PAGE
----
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How Hiring Managers Can Set Aside Biases During In-Person Interviews  

So many things contribute to bias when selecting a new hire that employers are changing the way they ask questions and evaluate candidates.

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BY John Boitnott - 11 May 2018

How Hiring Managers Can Set Aside Biases During In-Person Interviews  v

PHOTO CREDIT: Getty Images

Have you ever screened a resume and found yourself drawn to a candidate you had something in common with? Have you ever passed on a candidate because of his or her age, gender or ethnicity?

If so, you're certainly not alone. Subconscious bias happens when people unconsciously attribute characteristics to certain social groups. Unfortunately, this happens quite a lot.

Researchers at Cornell University noted that race similarity between an interviewer and a job seeker can give the applicant an advantage.

Being a woman can be a disadvantage even if the evaluator is female. A study by the Proceedings of the National Academy of Sciences (PNAS) examined equally qualified male and female candidates and found that men were 1.5 times more likely to be hired.

In another study by PNAS, science faculty from universities rated the application materials of a student--who was randomly assigned either a male or female name.

Researchers discovered that "Jennifer" was rated less competent than "John" - possibly based on subconscious bias.

Give blind hiring a try.

Many companies have turned to blind hiring to remove bias from the process and create a more diverse candidate pool. This practice uses a range of recruitment sites, platforms and services during the application review process to conceal any applicant data that might trigger positive or negative associations.

In the phone interview stage, some employers even use voice modification software to change the candidate's voice so gender can't be detected.

As effective as these practices may be in the early- and mid-stages of the hiring process, they don't deal with biases that occur during in-person interviews.

When you're sitting in the same room as the applicant, evaluating that person objectively can become a greater challenge. You can't slap a blindfold on without raising some eyebrows, but you can follow several best practices.

Test their skills.

A whopping 81 percent of candidates lie during a job interview. Instead of relying on statements that may or may not be false to inform your hiring decision, consider turning to standardized tests to get a clearer sense of a person's skills and abilities.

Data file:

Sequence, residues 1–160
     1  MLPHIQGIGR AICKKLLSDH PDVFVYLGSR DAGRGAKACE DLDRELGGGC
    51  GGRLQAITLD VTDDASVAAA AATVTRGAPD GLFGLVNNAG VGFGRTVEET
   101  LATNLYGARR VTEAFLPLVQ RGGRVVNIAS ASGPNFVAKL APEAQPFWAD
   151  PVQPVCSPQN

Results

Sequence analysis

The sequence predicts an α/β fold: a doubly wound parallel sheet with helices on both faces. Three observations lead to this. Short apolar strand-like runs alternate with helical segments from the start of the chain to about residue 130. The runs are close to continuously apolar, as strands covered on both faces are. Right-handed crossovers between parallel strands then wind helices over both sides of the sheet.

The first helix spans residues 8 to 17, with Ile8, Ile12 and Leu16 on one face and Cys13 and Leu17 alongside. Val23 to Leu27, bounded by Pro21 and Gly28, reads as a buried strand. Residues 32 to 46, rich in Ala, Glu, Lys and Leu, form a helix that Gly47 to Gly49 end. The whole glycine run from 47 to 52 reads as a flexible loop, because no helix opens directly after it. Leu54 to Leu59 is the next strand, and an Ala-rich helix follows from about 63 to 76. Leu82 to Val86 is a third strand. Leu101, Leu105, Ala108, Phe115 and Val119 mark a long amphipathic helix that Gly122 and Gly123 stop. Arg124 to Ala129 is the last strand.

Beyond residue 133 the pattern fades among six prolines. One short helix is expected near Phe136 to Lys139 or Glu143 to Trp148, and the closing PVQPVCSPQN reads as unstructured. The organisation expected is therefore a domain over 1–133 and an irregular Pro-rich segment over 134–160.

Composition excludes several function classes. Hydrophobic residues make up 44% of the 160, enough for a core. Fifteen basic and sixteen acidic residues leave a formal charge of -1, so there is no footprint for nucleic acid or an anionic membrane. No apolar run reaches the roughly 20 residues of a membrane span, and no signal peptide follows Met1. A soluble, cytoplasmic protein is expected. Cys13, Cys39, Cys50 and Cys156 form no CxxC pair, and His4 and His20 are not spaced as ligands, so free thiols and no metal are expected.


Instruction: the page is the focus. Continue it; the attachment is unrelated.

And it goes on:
Testing can help you see past factors like age, gender, ethnicity and socioeconomic background to choose the candidate who is best equipped to perform essential job duties.

Timed mental ability tests can be administered while the candidate is at your office. These test a candidate's reasoning and problem-solving skills. They can also give you a sense of their time management skills and how well they work under pressure.

Aptitude tests let candidates prove they are suitable for the job. Like mental ability tests, they can be timed as well as multiple choice. Engineering candidates often take mechanical reasoning tests. Potential managers sometimes take situational judgment tests.

Choose the right questions.

Many experts suggest kicking unstructured interviews to the curb and sticking to a script. This way you don't end up chatting off-the-cuff with one candidate you have a lot in common with.

The idea is that each candidate should be treated equally, and asking the same questions is one way to do it. Besides, while it's nice to get along with a candidate, it doesn't tell you much about how the person will perform once hired. You're better off asking questions specifically aligned to the role.

What makes a "right" question? Anything that is skill-based and allows the candidate to explain how he or she would handle a situation on the job. Here are some brief examples:

  • Management role: "What would you do if an employee repeatedly failed to follow your instructions?"
  • Customer service role: "How would you handle an angry client?"
  • Sales role: "What strategies would you use to close a warm lead?"

Steer clear of asking questions that give certain candidates an advantage. Say you're interviewing for an entry-level position. Two candidates performed equally on the skills test. However, they come from different socioeconomic backgrounds.

Because of this, one completed a prestigious unpaid internship while the other waited tables to make rent. It may be unfair to ask a question like "Tell me about your greatest professional achievement so far." One candidate's answer might be much more impressive, depending on your perspective.

Build a diverse hiring group.

It's critical to include hiring managers from various ethnicities, genders and age groups. Remember that an interview goes two ways. Candidates are interviewing you as much as you're interviewing them.

If a woman sits down to have a conversation with another woman, she may be able to more easily envision her place in the company as well as her possible future trajectory. If she sees the diversity in your hiring team, that could be a positive signal that she could be the one interviewing candidates for your company someday.

Why is all this so important? Generally, a diverse workplace is a high-performing workplace.

McKinsey found that ethnically diverse companies are 35 percent more likely to earn more than their competitors.

The same study discovered that gender-diverse companies are 15 percent more likely to earn more than their competitors. So, if you want to level up your performance, even the interview playing field.